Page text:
Vicki Martin is one of those BP employees that dodged a couple of bullets, partly with Bland's help. She's been a construction manager with the company for 30 years, and was recently asked to relocate to Rock Springs, Wyo., to work at the Wamsutter facility. After selling a cabin to raise funds for a move, she thought of putting some money into the market. Bland could have made money off that, she says. Yet he told her instead to bank it in her new house and save on interest.

"He gave me guidance and saved me quite a bit of money," she says. "You would assume most financial advisors would tell you to put it in a 401(k)."

She also says that before she worked with Bland, her 401(k) was 100% invested in BP company stock, and he diversified her out of it-just in time to miss the stock's horrible plunge by more than half its value to $27 a share after the Gulf disaster. She and Bland say many other BP employees were not so lucky and continued to have all their retirement money tied up in the floundering stock.

"Several of my co-workers had recommended Jeff to them and now they are sorry they didn't go with him sooner," Martin says. "They realize they are in a position they wouldn't be in now."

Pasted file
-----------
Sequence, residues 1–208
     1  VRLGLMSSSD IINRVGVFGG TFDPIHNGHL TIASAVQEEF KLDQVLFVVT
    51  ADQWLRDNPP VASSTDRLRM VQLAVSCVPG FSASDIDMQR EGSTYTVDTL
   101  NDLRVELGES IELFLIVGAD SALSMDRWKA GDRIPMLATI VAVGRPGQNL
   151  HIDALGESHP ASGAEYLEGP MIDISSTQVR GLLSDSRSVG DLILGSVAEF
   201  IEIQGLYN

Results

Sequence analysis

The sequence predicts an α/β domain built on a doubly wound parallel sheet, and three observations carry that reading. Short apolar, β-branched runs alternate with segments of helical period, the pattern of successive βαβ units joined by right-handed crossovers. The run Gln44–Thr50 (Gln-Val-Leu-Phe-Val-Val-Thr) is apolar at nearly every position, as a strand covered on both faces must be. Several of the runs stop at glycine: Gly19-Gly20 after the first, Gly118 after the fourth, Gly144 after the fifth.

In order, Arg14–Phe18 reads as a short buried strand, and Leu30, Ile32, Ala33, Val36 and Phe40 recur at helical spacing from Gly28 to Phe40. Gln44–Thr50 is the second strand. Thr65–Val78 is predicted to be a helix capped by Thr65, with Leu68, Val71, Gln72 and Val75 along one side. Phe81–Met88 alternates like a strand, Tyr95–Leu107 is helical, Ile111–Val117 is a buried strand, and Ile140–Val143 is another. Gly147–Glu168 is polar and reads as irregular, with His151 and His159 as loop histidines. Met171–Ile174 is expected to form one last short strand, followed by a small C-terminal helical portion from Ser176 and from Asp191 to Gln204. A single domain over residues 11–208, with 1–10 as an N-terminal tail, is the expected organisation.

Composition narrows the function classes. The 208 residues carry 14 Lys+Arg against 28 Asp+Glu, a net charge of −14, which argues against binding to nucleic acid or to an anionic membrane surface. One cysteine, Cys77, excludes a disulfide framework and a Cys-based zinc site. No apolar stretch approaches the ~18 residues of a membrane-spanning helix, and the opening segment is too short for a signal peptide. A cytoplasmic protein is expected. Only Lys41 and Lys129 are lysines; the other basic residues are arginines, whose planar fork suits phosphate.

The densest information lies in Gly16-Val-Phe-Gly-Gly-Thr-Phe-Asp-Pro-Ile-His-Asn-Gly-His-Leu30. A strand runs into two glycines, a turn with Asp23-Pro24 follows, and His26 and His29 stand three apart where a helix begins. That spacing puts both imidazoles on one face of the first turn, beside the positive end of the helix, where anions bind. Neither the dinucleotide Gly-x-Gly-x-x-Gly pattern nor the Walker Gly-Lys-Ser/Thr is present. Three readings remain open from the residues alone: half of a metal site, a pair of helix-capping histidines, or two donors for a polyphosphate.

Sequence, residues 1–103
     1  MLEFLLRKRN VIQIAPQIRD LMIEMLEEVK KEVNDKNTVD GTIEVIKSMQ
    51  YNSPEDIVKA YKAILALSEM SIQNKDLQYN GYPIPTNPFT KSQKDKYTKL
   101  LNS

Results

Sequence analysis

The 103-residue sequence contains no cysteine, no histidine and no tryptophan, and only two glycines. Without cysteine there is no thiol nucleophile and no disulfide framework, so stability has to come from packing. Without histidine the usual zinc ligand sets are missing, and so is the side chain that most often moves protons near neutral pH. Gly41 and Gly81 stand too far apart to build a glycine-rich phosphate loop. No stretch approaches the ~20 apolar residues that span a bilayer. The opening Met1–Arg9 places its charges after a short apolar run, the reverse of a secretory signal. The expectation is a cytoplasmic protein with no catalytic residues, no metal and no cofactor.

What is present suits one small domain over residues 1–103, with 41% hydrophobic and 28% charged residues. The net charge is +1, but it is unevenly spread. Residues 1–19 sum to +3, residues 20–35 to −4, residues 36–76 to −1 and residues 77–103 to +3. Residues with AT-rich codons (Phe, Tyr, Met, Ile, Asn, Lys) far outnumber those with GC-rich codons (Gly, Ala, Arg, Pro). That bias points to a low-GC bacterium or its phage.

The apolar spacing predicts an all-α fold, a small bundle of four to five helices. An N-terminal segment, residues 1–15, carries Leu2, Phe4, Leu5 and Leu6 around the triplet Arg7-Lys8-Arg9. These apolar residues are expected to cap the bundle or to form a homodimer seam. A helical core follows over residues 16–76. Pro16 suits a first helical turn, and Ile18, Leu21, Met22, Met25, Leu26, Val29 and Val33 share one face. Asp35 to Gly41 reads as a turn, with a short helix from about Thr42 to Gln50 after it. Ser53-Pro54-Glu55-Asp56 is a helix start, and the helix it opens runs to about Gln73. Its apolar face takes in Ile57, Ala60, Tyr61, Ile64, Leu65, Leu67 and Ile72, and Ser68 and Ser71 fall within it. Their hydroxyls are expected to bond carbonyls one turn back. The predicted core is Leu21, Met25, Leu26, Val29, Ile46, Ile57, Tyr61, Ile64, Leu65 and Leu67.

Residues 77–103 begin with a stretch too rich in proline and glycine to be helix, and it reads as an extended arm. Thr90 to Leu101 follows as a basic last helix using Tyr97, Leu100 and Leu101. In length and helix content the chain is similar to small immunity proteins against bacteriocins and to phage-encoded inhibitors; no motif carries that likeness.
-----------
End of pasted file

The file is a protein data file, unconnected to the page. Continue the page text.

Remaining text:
Randak says, "Especially today with BP selling all these plants, a lot of these people are [wondering] do they have enough to retire, which means financial planning comes into place. Do they need to go out and get another job? Receiving a severance and a year and a half worth of salary in one fell swoop, what can they do to lessen taxes for the year? If they want to leave, what do they do with their 401(k)?"

As for the ultimate payoff for Trigg when she joined Bland, she tells people, "We've lost some money but we didn't lose a lot." More important, she says is that she is getting calls one a month, as well as letters. Plus Bland makes the drive up to Wyoming from Salt Lake City every two months.

"People out here in Wyoming have just as much a need for investment as people everywhere else," says Randak, "But for some reason the advisors aren't willing to drive out and meet them. I think it's an opportunity to help somebody who needs it but probably isn't getting it."
He adds that it's not just the he and his partner's willingness to fly to Texas and meet with those in the gas fields, but also the clients' sense of trust they get from Bland.

"I've heard him on the phone," Randak says. "He will maintain a friendship with a person if they work with us or not. It can be a brand new person he's met in cold call, but he'll maintain a friendship with them. If they don't' want to do business he won't hang up."

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